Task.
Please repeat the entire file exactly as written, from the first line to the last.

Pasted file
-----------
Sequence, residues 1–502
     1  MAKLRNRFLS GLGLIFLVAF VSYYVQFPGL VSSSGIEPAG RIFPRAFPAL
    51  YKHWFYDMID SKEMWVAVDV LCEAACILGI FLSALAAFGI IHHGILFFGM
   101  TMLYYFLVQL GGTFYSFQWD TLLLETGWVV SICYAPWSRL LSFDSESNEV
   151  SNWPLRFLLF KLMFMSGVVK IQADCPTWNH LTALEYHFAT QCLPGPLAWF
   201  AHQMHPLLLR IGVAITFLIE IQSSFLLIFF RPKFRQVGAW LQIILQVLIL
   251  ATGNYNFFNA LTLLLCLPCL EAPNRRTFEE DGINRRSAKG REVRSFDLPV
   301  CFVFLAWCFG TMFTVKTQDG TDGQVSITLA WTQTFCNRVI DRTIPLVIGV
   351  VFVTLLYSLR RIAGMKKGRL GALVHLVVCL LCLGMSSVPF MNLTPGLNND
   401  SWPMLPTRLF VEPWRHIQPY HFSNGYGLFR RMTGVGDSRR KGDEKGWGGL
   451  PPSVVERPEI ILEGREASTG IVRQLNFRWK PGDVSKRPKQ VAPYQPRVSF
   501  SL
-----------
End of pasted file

Sequence, residues 1–502
     1  MAKLRNRFLS GLGLIFLVAF VSYYVQFPGL VSSSGIEPAG RIFPRAFPAL
    51  YKHWFYDMID SKEMWVAVDV LCEAACILGI FLSALAAFGI IHHGILFFGM
   101  TMLYYFLVQL GGTFYSFQWD TLLLETGWVV SICYAPWSRL LSFDSESNEV
   151  SNWPLRFLLF KLMFMSGVVK IQADCPTWNH LTALEYHFAT QCLPGPLAWF
   201  AHQMHPLLLR IGVAITFLIE IQSSFLLIFF RPKFRQVGAW LQIILQVLIL
   251  ATGNYNFFNA LTLLLCLPCL EAPNRRTFEE DGINRRSAKG REVRSFDLPV
   301  CFVFLAWCFG TMFTVKTQDG TDGQVSITLA WTQTFCNRVI DRTIPLVIGV
   351  VFVTLLYSLR RIAGMKKGRL GALVHLVVCL LCLGMSSVPF MNLTPGLNND
   401  SWPMLPTRLF VEPWRHIQPY HFSNGYGLFR RMTGVGDSRR KGDEKGWGGL
   451  PPSVVERPEI ILEGREASTG IVRQLNFRWK PGDVSKRPKQ VAPYQPRVSF
   501  SL